Rationale: Children need to learn a word identification strategy while their word recognition skills are few. This activity helps them use /i/ words to increase their identification skills by applying the word identification strategy the teacher is teaching.
- Primary paper, Copies of Tin Man Fix-It for each child, index cards with /i/ words from the Kissing Hand on it.
1. Today we are going to talk about words with the /i/ sound. Who remembers what /i/ should remind us of? Thatâs right, "Icky sticky." So everyone shake your hands like your trying to get something gross off. Now everyone say, "Icky sticky." Do you hear the /i/ sound/. Good.
2. Listen to this tongue twister, "Tricky Nicky kicked her pig and grinned." Try it with me. Good. Now we are going to do it again, but when we come to the /i/ sound hold it out a little like this, Piiiig. Hold the sound out. Go through it again. Very Good.
3. Pass out some paper. Now that we know that the /i/ sound is spelled with an i. Practice writing an i with me on your paper. Draw a line from the fence down to the street. Now draw a dot in right over the line in the middle between the ceiling and the fence. Good. Now write a few words on your sheet of paper using the /i/ sound. Iâll give you an example: pig. Iâll give you three minutes to come up with your own answers.
4. Raise your hand and tell me some of
the words that you came up with. Write
several of their words on the board.
5. Use these words to present the word identification strategy (Eldredge, 108). For example the word "stick."
a. Alright, what sound do we hear in the middle of stick? What sound have we been practicing? The /i/ sound thatâs right. So say that sound with me. (/i/)
Very good. Write the letter i on the board.
b. So we have /i/. What sounds do you hear before /i/ in our word. You hear the /s/ and the /t/ sound. Very good. Letâs put those two sounds together.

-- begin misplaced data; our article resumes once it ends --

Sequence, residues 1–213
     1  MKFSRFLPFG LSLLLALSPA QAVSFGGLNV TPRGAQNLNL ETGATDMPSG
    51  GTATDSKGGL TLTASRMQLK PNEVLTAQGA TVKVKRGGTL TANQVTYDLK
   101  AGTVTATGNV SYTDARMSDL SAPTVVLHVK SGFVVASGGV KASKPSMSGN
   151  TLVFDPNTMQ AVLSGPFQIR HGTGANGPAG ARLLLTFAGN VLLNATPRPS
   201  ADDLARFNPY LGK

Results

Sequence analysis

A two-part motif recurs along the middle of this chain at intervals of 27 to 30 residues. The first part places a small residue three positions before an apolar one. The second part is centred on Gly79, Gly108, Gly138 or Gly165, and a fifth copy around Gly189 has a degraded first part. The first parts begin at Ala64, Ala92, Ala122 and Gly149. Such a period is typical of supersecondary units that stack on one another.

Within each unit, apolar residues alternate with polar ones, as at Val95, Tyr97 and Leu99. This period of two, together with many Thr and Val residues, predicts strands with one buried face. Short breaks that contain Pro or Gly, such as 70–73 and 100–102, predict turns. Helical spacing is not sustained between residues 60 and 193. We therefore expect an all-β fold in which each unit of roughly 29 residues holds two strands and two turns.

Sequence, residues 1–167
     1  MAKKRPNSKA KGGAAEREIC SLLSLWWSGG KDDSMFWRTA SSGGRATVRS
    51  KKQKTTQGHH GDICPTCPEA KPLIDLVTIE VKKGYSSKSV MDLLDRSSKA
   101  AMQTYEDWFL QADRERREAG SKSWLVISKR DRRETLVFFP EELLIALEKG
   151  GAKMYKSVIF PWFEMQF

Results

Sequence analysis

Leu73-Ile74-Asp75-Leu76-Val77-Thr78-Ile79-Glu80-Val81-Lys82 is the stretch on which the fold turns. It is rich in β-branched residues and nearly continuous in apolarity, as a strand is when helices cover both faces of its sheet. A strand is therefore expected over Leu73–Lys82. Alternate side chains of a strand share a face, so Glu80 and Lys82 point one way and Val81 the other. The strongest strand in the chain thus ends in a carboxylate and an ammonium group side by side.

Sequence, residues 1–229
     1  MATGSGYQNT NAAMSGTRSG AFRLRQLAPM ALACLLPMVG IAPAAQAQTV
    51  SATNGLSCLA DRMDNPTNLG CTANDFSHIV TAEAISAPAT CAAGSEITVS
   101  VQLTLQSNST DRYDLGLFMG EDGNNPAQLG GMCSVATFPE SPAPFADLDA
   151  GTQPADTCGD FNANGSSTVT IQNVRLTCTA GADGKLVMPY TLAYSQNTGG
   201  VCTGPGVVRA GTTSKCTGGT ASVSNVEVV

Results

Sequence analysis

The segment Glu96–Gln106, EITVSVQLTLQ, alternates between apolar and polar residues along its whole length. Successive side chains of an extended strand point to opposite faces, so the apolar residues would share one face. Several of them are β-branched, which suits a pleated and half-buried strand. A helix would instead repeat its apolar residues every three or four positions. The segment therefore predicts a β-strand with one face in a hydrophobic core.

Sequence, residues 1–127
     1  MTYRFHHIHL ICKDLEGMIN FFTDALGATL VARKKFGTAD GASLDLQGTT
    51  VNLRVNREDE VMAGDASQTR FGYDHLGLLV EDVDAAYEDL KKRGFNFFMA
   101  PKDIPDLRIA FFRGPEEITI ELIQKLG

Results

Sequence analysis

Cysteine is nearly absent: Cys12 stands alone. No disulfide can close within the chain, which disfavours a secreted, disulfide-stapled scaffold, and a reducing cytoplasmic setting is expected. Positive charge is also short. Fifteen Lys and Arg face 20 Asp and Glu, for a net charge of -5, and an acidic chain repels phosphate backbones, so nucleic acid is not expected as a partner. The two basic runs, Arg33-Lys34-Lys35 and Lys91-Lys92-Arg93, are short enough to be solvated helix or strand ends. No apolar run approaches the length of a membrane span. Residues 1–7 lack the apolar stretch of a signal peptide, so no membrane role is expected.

(/sti/). Very good.
c. Now what sound do we hear at the end of our word. Good, the /k/ sound. Thatâs exactly right. So does every one hear the /k/ sound at he end of our
d. Letâs put the two parts of our word together. We have what? (/sti/) And what? (/k/) So letâs put those two parts together. We have stick.
e. Continue this process with a few words
6. Now we are going to read Tin Man Fix-It. Pass out the books. You are going to read this book quietly to yourself. Pay close attention. Each time you come to a word with the /i/ softly say the word to yourself. For example, I read Tin Man Fix-It. So softly, I say to myself, (whisper very lightly!) Tin·Fix·It. Give them a good amount of time to read the story individually. After finishing the book, ask them what words they heard with the /i/ sound. Write their answers on the board. (tin, fix, it, Tim, Jim, is, Sid, big, kid, zips, in, zigs, zags, hits, did, tips, kit, six, pins, hips, digs, and sip)
7. Divide them up into pairs. Give
each person in the group a word (on an index card) from the board so
they will have two words. Have them each write their word
Then have them go through the steps from #5 with their partner. Now
I want you to tell your word to your partner. And she is going to
write it down. You can use the board to help you. All
possible words are on the board, all actual answers are one
But you have to tell you r partner the word following my
First tell them the middle sound, the sound weâve been discussing
Now tell them the sound or sound before the /i/ sound. Tell them
to put the sounds together. What do they have so far? Now
sound or sounds come after the /i/ sound? Good, now put the two
together. Check with your partner. Did you get it
Now switch. Repeat the process.
Eldredge, J. Lloyd, Teaching Decoding in Holistic Classrooms. Pearson Education Company, 1995.
Amy Chastang: Icky Sticky
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